ASU course encourages high school students to get their heads in the cloud

April 13, 2022

It’s an early morning wake-up call for Trinity Smith, lead teaching fellow and student studying business data analytics at Arizona State University WP Carey School of Business.

This semester, Smith begins most mornings with 30 high school students enrolled in CIS 194 Cloud Foundations, a course offered by ASU.

ASU students, faculty and staff teach the Cloud Foundations course for high schoolers. Pictured left to right (top row): ASU’s John Rome, Jason Nichols and Lukas Wenrick; (bottom row) ASU students Bhavana Kanumuri, Trinity Smith, Luke Sherry and Justin Manila.
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The online course was co-developed by ASU’s Technical Office of the University and the WP Carey School of Business, along with Amazon Web Services (AWS) and the National Education Equity Lab.

The class offers high school students—aimed at those attending Title I or disadvantaged schools—an opportunity to earn high school and college credits as well as an industry certificate in cloud computing.

Students take part in the ASU course nationwide

Now in its sophomore year, the 13-week course is being offered in a hybrid modality to more than 185 high school students across the country, including states like Iowa, Louisiana and New York.

The course uses Canvas to manage the online, asynchronous portion of the learning—this includes recorded lectures from ASU faculty, as well as weekly assignments and tests. Students enroll in the course directly from their high school classrooms and computer labs, reducing the barriers for students to access the course and study materials online.

Many of the students do not have reliable access to the devices or internet connection at home, so it is important that they have the time and space at school to complete the course.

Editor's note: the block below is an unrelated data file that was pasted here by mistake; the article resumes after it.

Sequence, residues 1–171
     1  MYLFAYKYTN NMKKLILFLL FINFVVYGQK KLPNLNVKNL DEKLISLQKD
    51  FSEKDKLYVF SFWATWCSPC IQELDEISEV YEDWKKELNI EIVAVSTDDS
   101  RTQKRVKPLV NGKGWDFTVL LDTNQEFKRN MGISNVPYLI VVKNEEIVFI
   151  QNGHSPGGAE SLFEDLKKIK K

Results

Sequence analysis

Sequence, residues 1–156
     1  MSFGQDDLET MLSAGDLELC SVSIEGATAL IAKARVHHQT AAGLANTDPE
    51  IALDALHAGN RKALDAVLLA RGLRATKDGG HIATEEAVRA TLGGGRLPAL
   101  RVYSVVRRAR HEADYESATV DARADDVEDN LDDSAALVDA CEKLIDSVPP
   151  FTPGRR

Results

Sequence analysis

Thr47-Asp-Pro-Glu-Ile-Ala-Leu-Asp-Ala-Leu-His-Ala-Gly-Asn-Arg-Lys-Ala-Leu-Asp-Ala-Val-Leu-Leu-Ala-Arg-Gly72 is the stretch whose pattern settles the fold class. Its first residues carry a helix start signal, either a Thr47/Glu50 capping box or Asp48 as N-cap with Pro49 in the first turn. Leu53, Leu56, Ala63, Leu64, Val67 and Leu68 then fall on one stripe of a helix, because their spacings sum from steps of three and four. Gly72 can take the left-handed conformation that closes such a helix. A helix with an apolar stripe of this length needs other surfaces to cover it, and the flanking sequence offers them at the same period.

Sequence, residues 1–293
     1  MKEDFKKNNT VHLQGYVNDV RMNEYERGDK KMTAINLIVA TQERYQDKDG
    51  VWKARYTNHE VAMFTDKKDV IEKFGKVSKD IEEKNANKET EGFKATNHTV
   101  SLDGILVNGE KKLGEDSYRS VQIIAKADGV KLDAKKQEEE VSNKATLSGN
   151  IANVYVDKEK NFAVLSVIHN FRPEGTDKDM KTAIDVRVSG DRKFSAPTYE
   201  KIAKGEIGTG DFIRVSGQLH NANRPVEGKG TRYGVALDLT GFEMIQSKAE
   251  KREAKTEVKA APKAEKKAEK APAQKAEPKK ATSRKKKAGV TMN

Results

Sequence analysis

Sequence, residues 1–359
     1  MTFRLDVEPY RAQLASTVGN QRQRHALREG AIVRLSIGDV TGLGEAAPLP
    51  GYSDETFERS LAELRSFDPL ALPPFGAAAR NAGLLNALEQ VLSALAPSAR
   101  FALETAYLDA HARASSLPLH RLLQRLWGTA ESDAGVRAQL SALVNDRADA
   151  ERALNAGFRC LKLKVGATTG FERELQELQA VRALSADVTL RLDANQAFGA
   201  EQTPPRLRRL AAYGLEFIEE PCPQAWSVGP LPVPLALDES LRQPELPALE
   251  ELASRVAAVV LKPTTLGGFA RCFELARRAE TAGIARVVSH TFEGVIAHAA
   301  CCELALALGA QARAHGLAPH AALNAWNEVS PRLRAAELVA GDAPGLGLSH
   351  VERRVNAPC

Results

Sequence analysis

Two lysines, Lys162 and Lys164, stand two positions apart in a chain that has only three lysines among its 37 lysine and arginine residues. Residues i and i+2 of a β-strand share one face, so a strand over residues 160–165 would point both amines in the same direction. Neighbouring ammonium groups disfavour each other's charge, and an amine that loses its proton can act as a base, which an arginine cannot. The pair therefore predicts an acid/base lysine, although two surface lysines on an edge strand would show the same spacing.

“As an adjunct professor, I realized that the digital divide is much more complex than a lack of the right resources,” said Smith, one of the five professors participating this semester. “It is deepened by a lack of exposure to opportunities in IT education and careers, which makes this course all the more important for these students.”

In addition to asynchronous learning, students are invited to participate in weekly office hours with class faculty members who, like Smith, are enrolled ASU students. Conducted on Zoom, students from all schools join together to review the current learning module, do homework and ask questions.

On average, around 30 to 35 students attend each of the live sessions. Smith points out the importance of this interaction for the students.

“Although these sessions are optional, students often attend them to review the current learning module and, more effectively, gain a basic understanding of upcoming content for the course,” Smith said.

And since the topics are quite complex, this time students can get a little more familiar with the content before diving into the next module.

The instructors are critical to the success of the course. Not only do they provide opportunities for live classes and discussions, but they handle most of the day-to-day chores — including grading and communicating with students — relieving high school teachers of their workload.